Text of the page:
Just bought the 2004 Frontier truck with 5 speed manual transmission and
trying to figure out how to park this sucker on a steep incline. All the
stick shifts I have had has the parking brake on the center where you
could control it with the right hand while you could clutch and gas at
the same time to prevent it from rolling backward on a steep incline.
The Frontier, on the other hand, has the left foot operated parking
brake with right hand release. How do you Frontier owners parallel park
this sucker on a very steep incline without rollback and without burning
up the clutch? TIA
Ok, then going forward uphill with a parked car 1' away in front and 1'
away in back (not unrealistic in San Francisco with inclines almost at
45 degrees and just inches to play with for parallel parking), you put
the transmission in 1st, give it some gas and one of 4 things will
happen without the hand brake. 1. Burn the clutch and go forward; 2
Truck dies; 3 Truck rolls back and hit the car below or; 4 Truck pops
forward and hit the car in front. Would be easier if the Frontier had a
hand brake like most of the vehicles with manual transmission. Not much
problem driving the truck around in San Francisco so far with a little
roll back. But parallel parking on a steep hill with this foot brake
setup is a challenge. (BTW, I've parallel parked my other car and truck
with hand brakes without problems.)
Now I have a better understanding. I agree the design that requires
your left foot to disengage the parking brake has this major
shortcoming. One technique I would try if I were in your situation is
to apply gas and brake simultaneously with your right foot. I have no
idea if it is possible in a Frontier, but it definitely was possible in
the '94 PF 5sp I used to own. The technique has a name -- heel toe --
and I use it all the time when down shifting as I approach an
intersection in my manual transmission Toyota.
Good -- I'm glad you're willing to give it a try. The name, heel & toe,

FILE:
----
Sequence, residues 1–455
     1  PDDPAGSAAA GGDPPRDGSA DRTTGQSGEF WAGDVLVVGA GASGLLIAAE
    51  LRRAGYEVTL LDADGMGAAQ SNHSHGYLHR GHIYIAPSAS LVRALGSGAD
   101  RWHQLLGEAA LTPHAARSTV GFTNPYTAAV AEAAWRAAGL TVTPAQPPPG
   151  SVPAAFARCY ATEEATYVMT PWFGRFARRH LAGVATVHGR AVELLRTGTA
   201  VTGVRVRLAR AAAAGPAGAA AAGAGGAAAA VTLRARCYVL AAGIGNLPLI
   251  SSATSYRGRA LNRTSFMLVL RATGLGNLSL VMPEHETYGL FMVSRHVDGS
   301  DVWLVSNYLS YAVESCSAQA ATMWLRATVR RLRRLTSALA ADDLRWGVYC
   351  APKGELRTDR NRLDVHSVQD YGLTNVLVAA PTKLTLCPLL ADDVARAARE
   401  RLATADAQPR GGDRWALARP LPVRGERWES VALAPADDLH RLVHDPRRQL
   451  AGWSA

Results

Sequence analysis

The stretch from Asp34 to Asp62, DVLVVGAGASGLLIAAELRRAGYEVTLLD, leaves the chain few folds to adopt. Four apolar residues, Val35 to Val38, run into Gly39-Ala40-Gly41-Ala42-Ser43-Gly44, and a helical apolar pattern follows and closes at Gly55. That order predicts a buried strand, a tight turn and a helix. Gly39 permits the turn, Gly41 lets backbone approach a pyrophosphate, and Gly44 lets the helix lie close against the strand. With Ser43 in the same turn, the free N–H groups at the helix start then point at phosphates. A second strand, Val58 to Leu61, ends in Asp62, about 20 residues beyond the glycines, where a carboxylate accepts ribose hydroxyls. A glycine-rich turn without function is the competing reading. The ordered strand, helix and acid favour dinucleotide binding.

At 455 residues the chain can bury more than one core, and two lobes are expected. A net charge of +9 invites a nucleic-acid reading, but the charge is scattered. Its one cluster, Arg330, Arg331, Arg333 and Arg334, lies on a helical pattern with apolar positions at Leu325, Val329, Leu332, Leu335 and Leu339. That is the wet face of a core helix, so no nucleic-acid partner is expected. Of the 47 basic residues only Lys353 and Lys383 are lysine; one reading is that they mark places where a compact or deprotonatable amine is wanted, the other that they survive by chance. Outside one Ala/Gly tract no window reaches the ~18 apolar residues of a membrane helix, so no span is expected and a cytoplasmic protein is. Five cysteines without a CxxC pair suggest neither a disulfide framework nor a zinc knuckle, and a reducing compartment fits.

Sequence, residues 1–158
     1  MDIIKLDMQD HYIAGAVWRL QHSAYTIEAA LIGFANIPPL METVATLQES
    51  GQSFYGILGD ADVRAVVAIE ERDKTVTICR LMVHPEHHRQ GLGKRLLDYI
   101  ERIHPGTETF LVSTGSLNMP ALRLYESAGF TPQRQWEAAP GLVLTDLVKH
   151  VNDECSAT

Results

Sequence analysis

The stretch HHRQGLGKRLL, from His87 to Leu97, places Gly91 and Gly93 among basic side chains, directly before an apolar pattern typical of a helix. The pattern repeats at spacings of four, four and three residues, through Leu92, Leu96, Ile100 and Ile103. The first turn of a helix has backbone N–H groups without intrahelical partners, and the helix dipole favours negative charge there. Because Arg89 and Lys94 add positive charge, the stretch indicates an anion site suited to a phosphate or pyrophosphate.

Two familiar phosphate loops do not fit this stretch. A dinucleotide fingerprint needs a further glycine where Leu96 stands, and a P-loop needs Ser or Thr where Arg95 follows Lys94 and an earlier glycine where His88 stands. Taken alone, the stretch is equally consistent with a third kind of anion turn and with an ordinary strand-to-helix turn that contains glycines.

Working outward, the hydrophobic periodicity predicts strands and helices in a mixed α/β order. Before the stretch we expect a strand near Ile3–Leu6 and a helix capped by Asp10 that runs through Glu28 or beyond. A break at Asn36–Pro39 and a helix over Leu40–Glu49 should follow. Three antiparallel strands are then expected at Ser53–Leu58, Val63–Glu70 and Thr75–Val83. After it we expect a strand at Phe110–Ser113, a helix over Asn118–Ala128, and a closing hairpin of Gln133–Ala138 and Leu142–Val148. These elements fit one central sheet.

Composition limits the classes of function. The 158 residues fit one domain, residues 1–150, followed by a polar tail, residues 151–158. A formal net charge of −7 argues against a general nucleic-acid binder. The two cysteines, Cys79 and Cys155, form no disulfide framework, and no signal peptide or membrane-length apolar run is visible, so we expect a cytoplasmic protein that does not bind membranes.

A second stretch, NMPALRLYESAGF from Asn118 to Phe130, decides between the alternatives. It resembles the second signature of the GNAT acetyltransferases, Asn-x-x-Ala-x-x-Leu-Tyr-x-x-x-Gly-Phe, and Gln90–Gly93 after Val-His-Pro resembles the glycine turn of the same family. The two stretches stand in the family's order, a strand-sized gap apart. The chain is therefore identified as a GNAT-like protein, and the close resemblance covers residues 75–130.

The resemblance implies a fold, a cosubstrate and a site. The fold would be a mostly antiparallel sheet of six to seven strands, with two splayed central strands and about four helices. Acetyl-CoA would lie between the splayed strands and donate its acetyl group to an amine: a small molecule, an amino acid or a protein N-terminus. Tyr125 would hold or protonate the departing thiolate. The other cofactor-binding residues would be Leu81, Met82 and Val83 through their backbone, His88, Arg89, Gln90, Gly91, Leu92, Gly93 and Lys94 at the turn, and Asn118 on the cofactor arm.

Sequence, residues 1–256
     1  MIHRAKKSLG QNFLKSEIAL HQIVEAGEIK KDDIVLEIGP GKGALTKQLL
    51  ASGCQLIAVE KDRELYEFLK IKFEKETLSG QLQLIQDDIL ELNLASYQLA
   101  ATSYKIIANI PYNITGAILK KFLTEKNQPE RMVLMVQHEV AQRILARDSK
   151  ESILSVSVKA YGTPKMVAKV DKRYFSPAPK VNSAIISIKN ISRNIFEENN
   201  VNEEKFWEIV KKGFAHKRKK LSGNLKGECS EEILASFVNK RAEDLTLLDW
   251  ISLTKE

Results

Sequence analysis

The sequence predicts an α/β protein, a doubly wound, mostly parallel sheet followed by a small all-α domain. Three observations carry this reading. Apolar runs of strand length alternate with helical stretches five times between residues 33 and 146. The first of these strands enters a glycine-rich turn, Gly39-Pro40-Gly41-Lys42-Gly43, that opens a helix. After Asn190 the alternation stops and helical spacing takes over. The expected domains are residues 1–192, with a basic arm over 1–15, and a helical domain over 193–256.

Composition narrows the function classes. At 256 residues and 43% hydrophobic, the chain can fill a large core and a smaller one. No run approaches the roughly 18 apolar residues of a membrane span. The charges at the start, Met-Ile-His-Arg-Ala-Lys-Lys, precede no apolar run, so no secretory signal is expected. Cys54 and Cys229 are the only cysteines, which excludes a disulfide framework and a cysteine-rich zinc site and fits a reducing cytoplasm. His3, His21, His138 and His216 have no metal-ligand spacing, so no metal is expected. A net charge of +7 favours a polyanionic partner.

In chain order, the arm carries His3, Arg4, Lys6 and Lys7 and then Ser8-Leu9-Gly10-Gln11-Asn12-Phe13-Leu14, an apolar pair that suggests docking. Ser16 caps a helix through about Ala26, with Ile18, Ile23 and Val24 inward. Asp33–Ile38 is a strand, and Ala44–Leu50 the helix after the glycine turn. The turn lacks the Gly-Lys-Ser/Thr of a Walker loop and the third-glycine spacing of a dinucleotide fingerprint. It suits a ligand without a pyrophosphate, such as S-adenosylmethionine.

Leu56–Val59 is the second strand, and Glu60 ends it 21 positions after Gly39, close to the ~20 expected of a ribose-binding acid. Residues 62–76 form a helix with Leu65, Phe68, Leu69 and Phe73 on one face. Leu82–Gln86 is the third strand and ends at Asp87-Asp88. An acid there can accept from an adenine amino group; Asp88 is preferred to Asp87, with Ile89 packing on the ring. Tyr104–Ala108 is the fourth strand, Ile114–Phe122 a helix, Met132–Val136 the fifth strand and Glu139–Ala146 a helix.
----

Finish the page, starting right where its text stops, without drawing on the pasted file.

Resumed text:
is a misnomer, in case you don't know. The correct technique is to use
the ball of your right foot against the brake, and the right-most edge
of your right foot for the gas. Then when you are slowing for an
intersection, you apply brake, then simultaneously depress the clutch,
down shift, goose the gas, and let out the clutch. Sounds complicated,
but it's fun after you get good at it. Will work in a similar fashion
when you're stuck at a stop going uphill and don't want to roll backwards.
Was this truck drive tested before purchase and the braking system
evaluated? It's not a defect or wrong engineering if the product was
Emmanuel who loves his 04 CrewCab Fronty.
Oh, the foot brake is fine just stupid engineering, considering its a
manual transmission, where you need to do the heel and toe thing as
describe by "ppoint" above. Don't buy this truck if you need to parallel
park it on a steep hill or else learn heel and toe. Hand brake should
have been essential on this puppy. Just my opinion. This is my fifth
auto with manual transmission but the Frontier is the only one that does
not have a hand brake.
Test drive all right, good brakes too, but there were no hills where the
dealer is located so that caught me off guard regarding the parallel
parking dilemma. Would still have brought it. Nice truck, better price
and with much, much more features than the Toyota, love it. Would be
even better if it came with a front dome light, glove box light, locking
gas cap and a couple more tie downs. But hey this is what aftermarket
add-ons is for.
Learn to drive a stick. I live in the SF Bay area, I've never bought
anything but a stick shift ('72 240-Z, '70 PU, '87 Pathfinder, '95 PF,
'01 PF, also inherited an '87 Corvette, ALL with sitcks), and I've never
needed the hand brake to park in the City. Clutch in, real brake on,
start car, hand brake off, GO).
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